[Link is currently here, but I don’t intend to keep this updated, and I assume it will cease to work once the deadline has passed.]

Every aspect of the advert has been commented upon or derided in the Twitter chat, from the salary of £22k-£35k (“How can a school afford this?”), to the nature of the rhetorical questions, to the phrase “sergeant major”, and the stipulation that “your written English does not have to be excellent”. Indeed, the very existence of the advert has been seen as evidence that the school’s infamous behaviour policy doesn’t work. I can’t help but admire the kind of double-think that such a complaint requires.

But here’s the point. You know what this job is about. There is a kind of honesty about the wording, even if it does revel in its own brand of hyperbole, that is often lacking in school job adverts.

For comparison, let’s have a look at some of the other adverts currently listed on TES. I’ve selected secondary and I’ve also selected teacher in order to discard promoted roles. I’m not going to include the names of the schools or provide links.

Here’s the first one:

We seek to appoint a teacher of Physics with the ability to teach to A Level. This position is a full time post. We require someone with a strong subject knowledge and a passion to teach all the sciences to our younger students as well as Physics to our senior and most able students. This is an exciting opportunity for either a newly qualified or more experienced teacher to work within an ambitious and supportive department in a high achieving school. Excellent opportunities for development exist.

[School name] achieves outstanding examination results, has a strong focus on extra-curricular provision and seeks to nurture “mind, body and spirit”. We expect our staff to be fully committed to this ethos.

 

Here’s the second one:

[School name] is expanding its team as the school scales up and we launch our new sixth form and middle school. We are looking for an excellent art and design teacher who is passionate about their subject area and ready to develop their practice in a dynamic and innovative teaching environment. [School name] is an all-through school and your role will offer the opportunity to teach in the middle school as well as 14 to 18. The successful candidate will be an experienced teacher of Art and Design with a track record of achieving exceptional results and progress. Ideally, the candidate would have experience of teaching A-level and GCSE Art and Design and will have a well-developed skill set in the areas of printmaking, painting or illustration.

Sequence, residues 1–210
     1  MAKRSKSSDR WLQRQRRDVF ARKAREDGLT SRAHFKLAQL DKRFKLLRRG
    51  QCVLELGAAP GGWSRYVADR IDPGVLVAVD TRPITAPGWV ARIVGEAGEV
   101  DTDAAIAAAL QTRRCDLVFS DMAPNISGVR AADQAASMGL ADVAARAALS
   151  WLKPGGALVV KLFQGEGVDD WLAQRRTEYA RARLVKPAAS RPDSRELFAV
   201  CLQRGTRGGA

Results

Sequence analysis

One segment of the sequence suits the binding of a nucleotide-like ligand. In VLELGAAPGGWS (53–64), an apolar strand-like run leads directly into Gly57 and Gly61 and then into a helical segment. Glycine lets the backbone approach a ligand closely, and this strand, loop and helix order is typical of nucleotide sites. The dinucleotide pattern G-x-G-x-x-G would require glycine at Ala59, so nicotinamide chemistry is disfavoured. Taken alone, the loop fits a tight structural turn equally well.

We believe the teaching of art and design should support students to think independently and to develop their own creative confidence as a means to making a difference to the world. Creating beautiful and expressive work is a key feature of [School name] as a whole and therefore we are looking for a highly collaborative individual who is passionate about spreading the use of arts or design-led approaches across the curriculum.

We are keen to build cross curricular links and develop projects that involve external partnerships. Our ideal candidate will enjoy collaboration and be keen to share and develop their understanding of project-based learning. Art and Design is popular subject within the secondary school and this will continue to be the case in the sixth form and middle school, so we are looking for a confident teacher who can help us build a distinctive and bold vision for the department going forward.